Although the Italian offering Lo chiamavano Jeeg Robot (They Call Me Jeeg AKA They Call Me Jeeg Robot, 2015) is lower on breathtaking visuals, special effects, and budget than any of the recent big Marvel or DC films, it has more heart, sincerity, and charm than most of those blockbuster offerings. This film is so full of life and verve that it instantly made my list of top 10 favorite films for this year.

This wonderful blend of superhero, science fiction, and engaging drama elements concerns a low-level criminal named Enzo (Claudio Santamaria) who tries to escape some cops and winds up in an area of the Tiber River that happens to be contaminated by toxic waste. After throwing up copious amounts of dark fluid, Enzo goes on a drug pick-up assignment with neighbor Sergio (Stefano Ambrogi) and is shot, falling from a high floor of a building in the process. By all rights, he should be dead twice over, but he finds himself in one piece and as he becomes more familiar with his superpowers, he uses them to steal an ATM machine — not to rob one, mind you, but to actually rip a machine out of a wall and take it home.

Video of the robbery turns Enzo into an internet sensation, and it isn’t long before he crosses paths with another criminal, Fabio (Luca Marinelli), who has delusions of grandeur, a thirst for the big time, and a psychotic personality. Fabio and his henchmen search for Sergio and the drugs that he was supposed to pick up with Enzo. They shake down and threaten Sergio’s psychologically troubled daughter Alessia (Ilinia Pastorelli), which brings out some new feelings and the newfound beast in Enzo, who is otherwise a loner who doesn’t care for other people.

The nuanced, difficult, and sometimes troubling relationship that develops between Enzo and Alessia is the heart of Lo chiamavano Jeeg Robot, and the screenplay from Nicola Guaglianone and Menotti present challenges for both the characters and viewers. Alessia is a young woman who has the emotional age of a tweener. She sees the world through the eyes of a youngster obsessed with the Japanese anime series Kōtetsu Jīgu (Steel Jeeg, a 1976-1976 television adaptation of a popular manga series; the show is still popular in Italy but has never been released with English translations). Each person she meets becomes a character from the show to her. Alessia’s dialogue contains initial hints of traumatic abuse, and the theme becomes more relevant throughout the film. Enzo is no angel, and he finds himself physically attracted to Alessia even with her obvious issues. Guaglianone and Menotti do not present an easy path for Enzo to follow as he is torn between actually helping someone else out for perhaps the first time in ages and continuing to try and fulfill his own selfish needs.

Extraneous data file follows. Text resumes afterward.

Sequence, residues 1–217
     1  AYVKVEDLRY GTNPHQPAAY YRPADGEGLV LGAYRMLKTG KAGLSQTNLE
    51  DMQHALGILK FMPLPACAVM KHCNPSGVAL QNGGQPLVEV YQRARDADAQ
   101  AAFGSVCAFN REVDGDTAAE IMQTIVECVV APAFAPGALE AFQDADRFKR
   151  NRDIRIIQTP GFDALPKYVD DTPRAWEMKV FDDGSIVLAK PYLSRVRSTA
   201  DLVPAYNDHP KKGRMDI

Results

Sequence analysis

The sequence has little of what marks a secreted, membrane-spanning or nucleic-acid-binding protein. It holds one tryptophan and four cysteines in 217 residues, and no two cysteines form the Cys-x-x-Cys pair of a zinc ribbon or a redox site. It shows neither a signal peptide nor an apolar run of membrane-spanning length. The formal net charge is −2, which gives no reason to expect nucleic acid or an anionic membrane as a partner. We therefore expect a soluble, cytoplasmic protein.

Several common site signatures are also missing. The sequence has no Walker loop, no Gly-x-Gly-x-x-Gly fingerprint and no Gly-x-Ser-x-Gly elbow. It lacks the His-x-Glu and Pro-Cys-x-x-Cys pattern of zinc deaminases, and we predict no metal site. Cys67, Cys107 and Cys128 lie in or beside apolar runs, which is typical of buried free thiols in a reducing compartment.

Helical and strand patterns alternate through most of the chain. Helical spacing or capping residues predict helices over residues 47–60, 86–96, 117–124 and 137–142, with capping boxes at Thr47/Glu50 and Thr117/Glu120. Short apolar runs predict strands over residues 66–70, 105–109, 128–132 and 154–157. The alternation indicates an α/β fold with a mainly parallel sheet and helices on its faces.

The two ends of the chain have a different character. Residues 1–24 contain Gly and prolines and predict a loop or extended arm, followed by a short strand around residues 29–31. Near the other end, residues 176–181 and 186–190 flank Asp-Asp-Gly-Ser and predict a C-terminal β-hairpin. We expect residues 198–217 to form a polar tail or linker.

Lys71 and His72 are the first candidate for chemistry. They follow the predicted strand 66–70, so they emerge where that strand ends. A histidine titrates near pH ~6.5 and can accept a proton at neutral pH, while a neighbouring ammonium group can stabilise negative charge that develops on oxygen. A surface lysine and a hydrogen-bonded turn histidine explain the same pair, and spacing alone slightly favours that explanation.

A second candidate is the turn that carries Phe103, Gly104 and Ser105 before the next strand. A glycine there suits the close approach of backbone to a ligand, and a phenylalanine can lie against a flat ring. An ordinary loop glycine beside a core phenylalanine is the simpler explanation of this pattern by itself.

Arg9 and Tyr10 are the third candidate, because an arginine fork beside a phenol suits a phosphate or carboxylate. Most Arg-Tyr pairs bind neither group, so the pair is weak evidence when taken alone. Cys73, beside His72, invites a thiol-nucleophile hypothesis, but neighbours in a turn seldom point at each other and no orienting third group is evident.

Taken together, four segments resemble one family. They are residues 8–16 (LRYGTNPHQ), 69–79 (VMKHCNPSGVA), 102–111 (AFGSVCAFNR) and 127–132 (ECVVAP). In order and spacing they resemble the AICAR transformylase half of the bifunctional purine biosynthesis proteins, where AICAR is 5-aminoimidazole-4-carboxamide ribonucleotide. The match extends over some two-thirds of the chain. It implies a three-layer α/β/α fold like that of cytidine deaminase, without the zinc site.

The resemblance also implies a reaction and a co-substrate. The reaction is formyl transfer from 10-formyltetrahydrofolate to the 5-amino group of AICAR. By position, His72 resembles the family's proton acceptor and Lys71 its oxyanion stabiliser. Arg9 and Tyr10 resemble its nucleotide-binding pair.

Thankfully Santamaria and Pastorelli are up to the task of fully inhabiting these two complex characters and bringing them to bold, bittersweet life. Their performances are top-notch, and among the many reasons that I recommend Lo chiamavano Jeeg Robot highly. The rest of the cast acquits itself well, too (I have mentioned but a few characters here), especially Marinelli as an egotistical former talent show contestant who craves fame, no matter what it takes to achieve it.

Director Gabriele Mainetti has several stylistic balls to juggle with this film, and he pulls off the task with zeal. Lo chiamavano Jeeg Robot (They Call Me Jeeg) is hypnotic and fascinating, whether the scenes involve tense action sequences or tender, poignant moments, not to mention the roller-coaster ride between those styles. Mainetti brings his vision to life in a gritty, seedy aesthetic that perfectly captures the underbelly of Rome in which the story is set. The muck that Enzo falls into when he unwittingly gains superpowers is as dark as the lives that the criminal element characters in the film lead.

Lo chiamavano Jeeg Robot (They Call Me Jeeg) is both heart-rending and fun, an original effort that emotionally involves viewers rather than relying on the mere razzle-dazzle of special effects on which most superhero films depend to bring in audiences. This effort riffs on those movies while paying a heartwarming tribute to one of Italy’s most popular pop-culture icons and addressing unsettling themes that many Hollywood superhero films would find too challenging.